We have an especially dramatic example of what happens when laws and actions are dangerously out of sync with what is real in the Gulf Oil disaster. A disaster which could destroy one of the most important eco-systems which life really and inescapably does depend on. Clearly the laws and regulations that allowed that well to be drilled were based on false information, much of it provided by people with degrees in science and engineering, some of whom certainly knew the possibility of something like this happening. It seems when large profits are in the mix, that these catastrophes repeatedly override experience, the lessons of past ones and the resultant destruction of the very basis of life. Yet those who repeatedly create them, are always able to profit from them. There is a reason for this situation.

My question, stemming from this past week’s discussion and the spectacle of the Gulf oil disaster, is there a right to lie?

I mean is there a real, and not just theoretical right to lie, which should be allowed to remain embedded in our laws and which has a real effect in real life. Most importantly, given the reality of how our country is ruled in 2010, what are the consequences of a legal system, a free press and a society which allows profitable and convenient lying to enjoy the functional status of a civil right*? Under the regime of free speech, free press, the champions of free speech apparently believe there is and the danger it imposes on all of us, isn't something they really care about.

Is there a right to knowingly lie in a way that can result in a catastrophe like the one we are all fixed on in the Gulf of Mexico**? Is there a right to lie in a way that will put liars in control of our government and regulatory agencies, and our courts? Don’t forget the courts, which, often don’t seem to feel it is their job to punish the most massively consequential lies, so long as those aren’t told in court, under oath or in a context that can be construed as the equivalent of a contract. And quite often, even when those are. It is exactly that part of the government which is supposed to consider what is real and what isn’t that has allowed the corporations and the congress and administrations to ignore reality as hard experience shows will obviously lead to disaster.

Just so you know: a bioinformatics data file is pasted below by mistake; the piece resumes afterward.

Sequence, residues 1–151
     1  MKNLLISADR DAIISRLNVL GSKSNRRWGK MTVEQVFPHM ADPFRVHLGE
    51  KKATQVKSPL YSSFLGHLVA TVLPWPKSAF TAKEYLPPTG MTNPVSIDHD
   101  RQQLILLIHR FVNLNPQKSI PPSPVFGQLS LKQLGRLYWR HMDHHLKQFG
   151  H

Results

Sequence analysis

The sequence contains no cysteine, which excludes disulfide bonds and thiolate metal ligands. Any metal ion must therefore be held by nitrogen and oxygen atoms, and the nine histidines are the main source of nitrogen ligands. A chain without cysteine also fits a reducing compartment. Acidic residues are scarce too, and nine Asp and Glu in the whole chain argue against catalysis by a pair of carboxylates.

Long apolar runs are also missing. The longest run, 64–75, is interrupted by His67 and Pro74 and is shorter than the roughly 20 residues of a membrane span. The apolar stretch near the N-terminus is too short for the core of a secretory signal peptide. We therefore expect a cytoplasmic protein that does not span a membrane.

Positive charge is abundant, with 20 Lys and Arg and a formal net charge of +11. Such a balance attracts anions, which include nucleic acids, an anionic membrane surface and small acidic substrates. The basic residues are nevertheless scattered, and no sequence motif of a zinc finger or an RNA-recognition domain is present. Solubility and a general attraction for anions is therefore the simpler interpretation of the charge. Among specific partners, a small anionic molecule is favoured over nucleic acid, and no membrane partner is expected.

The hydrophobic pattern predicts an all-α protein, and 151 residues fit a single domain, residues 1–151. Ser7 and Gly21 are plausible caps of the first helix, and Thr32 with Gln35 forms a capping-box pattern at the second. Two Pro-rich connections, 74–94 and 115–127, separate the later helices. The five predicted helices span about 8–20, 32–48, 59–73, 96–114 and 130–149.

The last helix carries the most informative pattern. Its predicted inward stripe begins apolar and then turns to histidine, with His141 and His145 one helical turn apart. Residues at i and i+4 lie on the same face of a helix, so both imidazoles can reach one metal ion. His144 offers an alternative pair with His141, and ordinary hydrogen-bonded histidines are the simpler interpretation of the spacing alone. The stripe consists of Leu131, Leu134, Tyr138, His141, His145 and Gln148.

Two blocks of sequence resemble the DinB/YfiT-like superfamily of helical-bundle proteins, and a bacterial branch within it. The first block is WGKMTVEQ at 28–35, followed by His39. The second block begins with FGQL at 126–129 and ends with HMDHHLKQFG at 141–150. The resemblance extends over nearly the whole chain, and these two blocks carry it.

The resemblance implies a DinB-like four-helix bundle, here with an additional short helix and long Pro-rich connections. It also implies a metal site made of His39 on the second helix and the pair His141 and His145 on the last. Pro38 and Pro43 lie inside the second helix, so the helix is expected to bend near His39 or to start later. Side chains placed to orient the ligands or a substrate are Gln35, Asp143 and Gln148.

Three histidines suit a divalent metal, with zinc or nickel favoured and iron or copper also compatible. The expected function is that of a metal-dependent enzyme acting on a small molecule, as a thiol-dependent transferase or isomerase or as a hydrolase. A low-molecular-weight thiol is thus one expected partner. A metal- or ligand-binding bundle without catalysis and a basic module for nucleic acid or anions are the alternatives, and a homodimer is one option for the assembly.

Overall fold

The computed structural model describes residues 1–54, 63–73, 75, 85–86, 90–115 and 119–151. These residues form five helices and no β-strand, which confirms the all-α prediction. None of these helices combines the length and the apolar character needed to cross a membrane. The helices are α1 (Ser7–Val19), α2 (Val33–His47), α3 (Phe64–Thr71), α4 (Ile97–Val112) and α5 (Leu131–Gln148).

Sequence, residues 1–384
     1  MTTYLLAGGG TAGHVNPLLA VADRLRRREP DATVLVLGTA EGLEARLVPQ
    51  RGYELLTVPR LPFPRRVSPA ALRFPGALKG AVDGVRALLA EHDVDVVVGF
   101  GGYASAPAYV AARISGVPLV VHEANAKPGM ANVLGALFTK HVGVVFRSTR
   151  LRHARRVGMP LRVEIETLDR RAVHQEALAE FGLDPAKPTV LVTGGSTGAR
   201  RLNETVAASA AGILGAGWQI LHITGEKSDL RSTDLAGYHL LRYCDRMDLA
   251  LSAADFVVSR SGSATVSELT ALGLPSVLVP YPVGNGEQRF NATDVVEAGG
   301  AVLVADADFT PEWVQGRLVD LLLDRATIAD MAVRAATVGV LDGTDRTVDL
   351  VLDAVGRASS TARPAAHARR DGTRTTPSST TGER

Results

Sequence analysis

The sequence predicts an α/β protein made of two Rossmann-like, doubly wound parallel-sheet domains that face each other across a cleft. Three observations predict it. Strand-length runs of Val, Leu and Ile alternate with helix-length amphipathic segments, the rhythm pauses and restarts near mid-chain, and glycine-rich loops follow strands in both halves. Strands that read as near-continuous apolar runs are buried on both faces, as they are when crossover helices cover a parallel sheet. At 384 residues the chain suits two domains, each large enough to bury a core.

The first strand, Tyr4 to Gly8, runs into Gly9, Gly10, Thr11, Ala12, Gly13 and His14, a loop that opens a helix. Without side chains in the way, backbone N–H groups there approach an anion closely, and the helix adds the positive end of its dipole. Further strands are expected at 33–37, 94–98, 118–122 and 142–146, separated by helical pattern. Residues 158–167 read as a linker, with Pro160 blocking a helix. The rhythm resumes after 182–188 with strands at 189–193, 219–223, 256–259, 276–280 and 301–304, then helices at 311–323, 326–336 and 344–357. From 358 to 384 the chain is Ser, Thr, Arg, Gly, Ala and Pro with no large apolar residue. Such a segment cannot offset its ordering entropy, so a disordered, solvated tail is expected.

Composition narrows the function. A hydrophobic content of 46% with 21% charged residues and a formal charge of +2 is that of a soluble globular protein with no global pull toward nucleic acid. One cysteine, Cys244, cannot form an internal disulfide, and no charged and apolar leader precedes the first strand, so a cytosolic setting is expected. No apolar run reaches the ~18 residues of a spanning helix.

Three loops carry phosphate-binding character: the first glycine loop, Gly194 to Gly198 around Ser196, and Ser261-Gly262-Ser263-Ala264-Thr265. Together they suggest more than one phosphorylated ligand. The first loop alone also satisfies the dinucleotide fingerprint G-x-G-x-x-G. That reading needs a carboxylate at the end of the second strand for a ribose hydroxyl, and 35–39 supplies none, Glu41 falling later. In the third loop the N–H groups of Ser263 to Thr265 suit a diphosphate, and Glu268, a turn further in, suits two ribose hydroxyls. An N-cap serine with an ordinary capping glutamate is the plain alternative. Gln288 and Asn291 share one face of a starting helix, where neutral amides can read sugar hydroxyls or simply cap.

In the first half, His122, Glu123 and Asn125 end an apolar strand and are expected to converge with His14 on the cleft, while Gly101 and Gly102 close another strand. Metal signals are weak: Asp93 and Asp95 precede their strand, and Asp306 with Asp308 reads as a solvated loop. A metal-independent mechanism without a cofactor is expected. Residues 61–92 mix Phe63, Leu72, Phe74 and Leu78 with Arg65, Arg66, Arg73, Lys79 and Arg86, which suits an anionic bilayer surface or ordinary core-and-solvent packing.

I’m sure that, as in the discussion of violent porn, this question will elicit an immediate response with the most extreme of hypothetical scenarios presented. It’s often the classic questions. What about lying to the Nazis about where the Jewish children are hidden? That kind of thing. And, of course, when those situations are real, they are all important. Of course, any moral person with a functioning brain would lie to the Nazis. But pretending that moral imperative to lie as an exculpatory factor in the official lies that gush like oil from the insanely drilled hole in the Gulf, is willfully and stunningly dishonest. The two situations are made definitively different by the illegitimacy of the Nazis’ genocide and their demented despotism. Naziism can, in no way, be equated with the aspirations and the goals of egalitarian democracy. To deny that difference is to lie, to assert those two situations are equivalent is a colossal lie. The imperative to lie is founded in the choices of Nazis. The requirement to tell the truth an essential prerequisite for democracy to be possible.